While Nigeria has dug in its heels on the issue, attitudes and polices in other countries are softening and shifting toward greater acceptance. In 2001, the United Nations Human Rights Council passed a resolution supporting equal rights for all, no matter their sexual orientation


Same-sex marriage is now legal in 16 countries: Argentina, Belgium, Brazil, Canada, Denmark, France, Iceland, Netherlands, Norway, Portugal, South Africa, Spain, Sweden, Portugal, Uruguay, and New Zealand. In addition, gay couples can wed in England and Wales beginning in March 2014.


They can also marry in some regions of Mexico and the United States, though President Obama didn’t support legalization until May 2012.


The spiritual view


The Rev. Rumo James, a Baptist pastor in Jos, told me that homosexuality is affliction and disease for which no compassion should be extended.


“Homosexualism is a virus that degrades the family and its values, corrupts human cohabitation and offends God,” he said. “It eventually leads to social decline.”


Nigeria’s Christian population is Africa’s largest, with 80 million followers, according to the Pew Research Center in the United States. Clergy cite Bible-passages as the God-given reason for their condemnation of same-sex relationships.


Two of the most frequent verses cited are from Leviticus. One states: “Thou shalt not lie with mankind, as with womankind: it is abomination” (18:22).


The other says: “If a man also lie with mankind, as he lieth with a woman, both of them have committed an abomination: they shall surely be put to death; their blood shall be upon them” (20:13).


Christians supportive of same-sex couples say those Old Testament Bible verses are misinterpreted, made obsolete by the New Testament or simply out of touch with modern life.


They also argue that all people, gay and straight, are made in the image of God. Besides, they point out, Jesus never said anything about homosexuality.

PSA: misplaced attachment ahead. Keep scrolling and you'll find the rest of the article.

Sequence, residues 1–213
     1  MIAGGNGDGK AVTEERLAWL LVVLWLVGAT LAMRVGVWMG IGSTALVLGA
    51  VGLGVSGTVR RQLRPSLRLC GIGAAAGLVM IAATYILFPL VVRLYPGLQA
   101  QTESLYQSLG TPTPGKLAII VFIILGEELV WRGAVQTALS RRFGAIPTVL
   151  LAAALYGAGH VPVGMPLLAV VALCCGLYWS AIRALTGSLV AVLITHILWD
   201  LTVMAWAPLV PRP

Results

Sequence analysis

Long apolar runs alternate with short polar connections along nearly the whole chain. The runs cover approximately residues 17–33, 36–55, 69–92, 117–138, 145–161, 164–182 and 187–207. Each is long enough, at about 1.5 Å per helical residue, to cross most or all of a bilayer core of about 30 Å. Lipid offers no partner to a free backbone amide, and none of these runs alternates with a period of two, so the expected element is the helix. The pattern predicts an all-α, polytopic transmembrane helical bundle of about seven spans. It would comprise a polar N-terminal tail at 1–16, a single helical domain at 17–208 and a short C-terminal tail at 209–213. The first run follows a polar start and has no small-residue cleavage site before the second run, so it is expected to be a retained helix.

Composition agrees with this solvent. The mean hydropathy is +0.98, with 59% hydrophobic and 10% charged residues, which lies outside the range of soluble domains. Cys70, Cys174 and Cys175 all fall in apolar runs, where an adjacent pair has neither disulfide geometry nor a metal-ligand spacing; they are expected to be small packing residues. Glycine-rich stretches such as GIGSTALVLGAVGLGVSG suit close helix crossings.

‘I would not worship a God who is homophobic and that is how deeply I feel about this,” retired Anglican Archbishop Desmond Tutu, a Nobel laureate from South Africa, said this year in response to Russia’s anti-gay laws.


The Catholic Church teaches that homosexuals are intrinsically disordered and should live celibate lives. But Pope Francis also made headlines when he offered a softened tone on homosexuality than that heard from the Vatican in decades.


“Who am I to judge them if they’re seeking the Lord in good faith?” the pope told reporters. Many Catholic bishops, priests and church members take a harsher view.


Bishop Hassan Kukah of the Sokoto Diocese in northwestern Nigeria isn’t one of them. Like the pope, he strikes a conciliatory tone.


Would the bishop welcome gays and lesbians in church? “


“The church is a place for everyone,” he said. “I would not chase one out. I would not report that person either.”


It should be noted that people who help conceal same-sex couples can be punished by up to 10 years in prison under Nigerian law. Some consider those who choose not to report defiant and others see them as courageous.



As in all repressively homophobic cultures, LGBT people continue to find ways to express and to live out their authentic selves.


They are part of Nigerian society at all levels. Some hold prominent jobs in government, businesses, the military and even as religious leaders.


But it’s not a leap to suggest that the majority keep their sexuality a secret for fear of losing their families, friends, jobs, freedom or even their lives.